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12 of 12 people found the following review helpful
4.0 out of 5 stars I loved it, and I�m not even remotely a gardener, February 24, 2004
This review is from: Cultivating Delight: A Natural History of My Garden (Paperback)
Gardens. They're great, and I have a lovely one in my front yard. But I can claim exactly none of the credit. My style of gardening is to sit on the front steps chatting with Teri, my gardener, while she prunes the shrubs and tucks primroses and lobelia and cyclamen into the little bare spots.
But I love reading about people who DO enjoy gardening, and Diane Ackerman is a consummate writer on the subject. I've read The Moon by Whale Light and A Natural History of the Senses, two others of her several books, and find myself equally charmed by this one. It's a casual tour through the four seasons of her upstate backyard garden. But, as she's a naturalist, a poet, and a philosopher, she doesn't stop with just the plants; she uses the plants and their interdependent roles as metaphors to browse mentally through a wide variety of topics, including what gardens can do for people more than how people can tend a garden. It's like a role reversal of sorts. Some of the subjects that her free- and far-ranging mind roams over include: how we are like plants, plant's self-defense mechanisms, why we see faces in nature, etc. Her lyrical writing and vast, encyclopedic curiosity sometimes remind me of Annie Dillard's nature writing, a comparison that should be considered a compliment to both authors.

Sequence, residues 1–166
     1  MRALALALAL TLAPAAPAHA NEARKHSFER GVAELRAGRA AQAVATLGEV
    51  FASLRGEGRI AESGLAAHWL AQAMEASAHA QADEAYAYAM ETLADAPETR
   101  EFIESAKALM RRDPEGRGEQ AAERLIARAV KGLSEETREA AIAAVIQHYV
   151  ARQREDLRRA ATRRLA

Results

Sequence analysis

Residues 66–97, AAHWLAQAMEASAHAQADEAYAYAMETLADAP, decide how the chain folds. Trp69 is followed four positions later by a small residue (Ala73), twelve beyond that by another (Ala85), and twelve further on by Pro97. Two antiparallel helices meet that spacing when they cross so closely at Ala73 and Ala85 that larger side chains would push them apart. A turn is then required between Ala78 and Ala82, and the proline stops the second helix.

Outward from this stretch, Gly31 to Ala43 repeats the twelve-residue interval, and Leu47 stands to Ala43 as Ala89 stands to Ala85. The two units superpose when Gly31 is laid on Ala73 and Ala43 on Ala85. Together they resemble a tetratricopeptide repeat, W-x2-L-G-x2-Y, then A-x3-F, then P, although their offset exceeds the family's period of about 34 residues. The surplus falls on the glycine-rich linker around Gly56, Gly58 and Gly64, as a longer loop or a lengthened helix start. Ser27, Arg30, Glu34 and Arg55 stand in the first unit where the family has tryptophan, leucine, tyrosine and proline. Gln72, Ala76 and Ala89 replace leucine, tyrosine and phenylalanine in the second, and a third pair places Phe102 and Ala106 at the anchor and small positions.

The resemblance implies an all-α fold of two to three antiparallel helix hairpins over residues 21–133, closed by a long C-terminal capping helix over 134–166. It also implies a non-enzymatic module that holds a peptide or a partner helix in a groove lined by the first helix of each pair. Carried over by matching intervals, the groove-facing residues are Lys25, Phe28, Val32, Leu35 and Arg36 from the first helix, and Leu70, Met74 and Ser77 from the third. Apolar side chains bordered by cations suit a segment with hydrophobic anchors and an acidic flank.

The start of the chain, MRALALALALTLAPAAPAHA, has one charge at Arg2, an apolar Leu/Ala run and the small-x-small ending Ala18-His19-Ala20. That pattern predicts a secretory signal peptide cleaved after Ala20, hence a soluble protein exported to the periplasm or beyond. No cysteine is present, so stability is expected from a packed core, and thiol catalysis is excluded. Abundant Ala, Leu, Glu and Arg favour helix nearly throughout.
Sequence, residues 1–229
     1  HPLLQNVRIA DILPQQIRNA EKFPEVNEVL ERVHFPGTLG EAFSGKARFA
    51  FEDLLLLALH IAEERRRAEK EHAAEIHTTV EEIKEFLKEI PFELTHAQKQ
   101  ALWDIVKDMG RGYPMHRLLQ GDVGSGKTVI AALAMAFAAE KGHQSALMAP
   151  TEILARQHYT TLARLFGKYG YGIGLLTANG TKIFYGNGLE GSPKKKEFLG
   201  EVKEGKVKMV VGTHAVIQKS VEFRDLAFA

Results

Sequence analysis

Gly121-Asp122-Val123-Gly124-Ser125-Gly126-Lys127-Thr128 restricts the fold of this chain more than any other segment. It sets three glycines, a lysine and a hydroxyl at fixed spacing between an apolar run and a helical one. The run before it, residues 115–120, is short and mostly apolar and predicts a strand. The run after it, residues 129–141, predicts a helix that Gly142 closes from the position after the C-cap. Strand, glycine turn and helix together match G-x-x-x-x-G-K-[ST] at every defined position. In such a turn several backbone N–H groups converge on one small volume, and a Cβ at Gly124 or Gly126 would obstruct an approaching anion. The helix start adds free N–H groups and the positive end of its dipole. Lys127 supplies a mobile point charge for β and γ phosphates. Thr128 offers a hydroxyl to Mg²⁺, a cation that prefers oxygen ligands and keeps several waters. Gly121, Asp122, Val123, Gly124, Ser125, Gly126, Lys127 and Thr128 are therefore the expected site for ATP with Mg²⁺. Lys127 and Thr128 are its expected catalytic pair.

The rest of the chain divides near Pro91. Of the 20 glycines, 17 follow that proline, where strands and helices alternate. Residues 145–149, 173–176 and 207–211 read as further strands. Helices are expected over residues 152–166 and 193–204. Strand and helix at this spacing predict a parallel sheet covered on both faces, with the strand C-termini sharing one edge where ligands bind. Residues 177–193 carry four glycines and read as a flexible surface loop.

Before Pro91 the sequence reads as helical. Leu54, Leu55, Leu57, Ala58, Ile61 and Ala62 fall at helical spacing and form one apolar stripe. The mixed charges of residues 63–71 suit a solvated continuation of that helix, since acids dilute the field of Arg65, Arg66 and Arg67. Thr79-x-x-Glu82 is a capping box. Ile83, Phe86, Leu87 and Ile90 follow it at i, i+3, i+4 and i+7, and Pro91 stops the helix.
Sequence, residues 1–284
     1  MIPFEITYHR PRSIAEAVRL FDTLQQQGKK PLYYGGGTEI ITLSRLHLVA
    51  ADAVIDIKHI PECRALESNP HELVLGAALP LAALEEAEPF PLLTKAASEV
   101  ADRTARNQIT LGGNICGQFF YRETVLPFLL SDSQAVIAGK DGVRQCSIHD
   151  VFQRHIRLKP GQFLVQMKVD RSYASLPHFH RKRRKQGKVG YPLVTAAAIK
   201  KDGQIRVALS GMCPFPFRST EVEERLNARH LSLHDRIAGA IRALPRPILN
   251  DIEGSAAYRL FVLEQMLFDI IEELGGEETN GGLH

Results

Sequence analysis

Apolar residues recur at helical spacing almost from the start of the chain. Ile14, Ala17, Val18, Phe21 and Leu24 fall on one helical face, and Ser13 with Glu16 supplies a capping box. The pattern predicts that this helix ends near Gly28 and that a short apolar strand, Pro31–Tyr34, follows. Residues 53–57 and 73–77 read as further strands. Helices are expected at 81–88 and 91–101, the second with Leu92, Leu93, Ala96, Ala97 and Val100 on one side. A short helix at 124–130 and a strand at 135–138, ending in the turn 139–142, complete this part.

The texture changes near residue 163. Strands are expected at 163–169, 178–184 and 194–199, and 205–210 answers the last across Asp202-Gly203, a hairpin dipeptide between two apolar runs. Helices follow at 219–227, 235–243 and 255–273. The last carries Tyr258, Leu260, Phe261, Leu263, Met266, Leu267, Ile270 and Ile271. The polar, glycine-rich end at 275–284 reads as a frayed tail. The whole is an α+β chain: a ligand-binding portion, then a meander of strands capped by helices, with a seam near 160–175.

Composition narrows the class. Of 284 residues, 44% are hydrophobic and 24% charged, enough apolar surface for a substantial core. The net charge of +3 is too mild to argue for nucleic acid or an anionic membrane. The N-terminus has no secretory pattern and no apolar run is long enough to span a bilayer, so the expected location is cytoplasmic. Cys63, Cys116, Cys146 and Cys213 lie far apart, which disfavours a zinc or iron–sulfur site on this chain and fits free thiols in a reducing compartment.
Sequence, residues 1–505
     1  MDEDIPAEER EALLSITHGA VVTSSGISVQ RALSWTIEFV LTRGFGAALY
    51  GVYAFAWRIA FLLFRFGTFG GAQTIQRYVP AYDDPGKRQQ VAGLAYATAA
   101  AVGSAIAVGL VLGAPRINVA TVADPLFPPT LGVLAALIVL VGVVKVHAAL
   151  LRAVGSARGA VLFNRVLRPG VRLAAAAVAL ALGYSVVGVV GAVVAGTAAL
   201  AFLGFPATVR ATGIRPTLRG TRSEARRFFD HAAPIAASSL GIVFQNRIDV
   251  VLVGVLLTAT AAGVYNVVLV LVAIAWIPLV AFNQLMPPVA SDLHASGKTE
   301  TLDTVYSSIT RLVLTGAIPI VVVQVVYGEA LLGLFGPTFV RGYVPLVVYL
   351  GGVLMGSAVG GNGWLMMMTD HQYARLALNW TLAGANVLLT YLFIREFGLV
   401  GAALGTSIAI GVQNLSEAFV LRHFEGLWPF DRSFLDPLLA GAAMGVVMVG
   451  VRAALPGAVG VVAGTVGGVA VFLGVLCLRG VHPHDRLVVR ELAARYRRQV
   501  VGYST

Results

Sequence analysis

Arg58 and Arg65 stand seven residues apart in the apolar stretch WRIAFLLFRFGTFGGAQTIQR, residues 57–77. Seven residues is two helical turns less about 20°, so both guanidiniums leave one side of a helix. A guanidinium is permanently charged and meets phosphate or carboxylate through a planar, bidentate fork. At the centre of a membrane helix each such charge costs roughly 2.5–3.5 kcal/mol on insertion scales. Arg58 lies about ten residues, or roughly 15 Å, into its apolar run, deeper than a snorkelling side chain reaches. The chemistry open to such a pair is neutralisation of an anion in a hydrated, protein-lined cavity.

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20 of 23 people found the following review helpful
3.0 out of 5 stars Unoriginal and uninspiring..., December 8, 2001
Diane Ackerman says, "I must confess, I am not a master gardener by a long shot, nor even a particularly expert one." In CULTIVATING DELIGHT, Ackerman proves this by sharing the contents of a journal she kept following an accident in which she was struck by a motorist while riding her bicycle. DELIGHT is not a gardening book, it is a synopsis of a journal kept by a convalesing writer who happens to have a garden.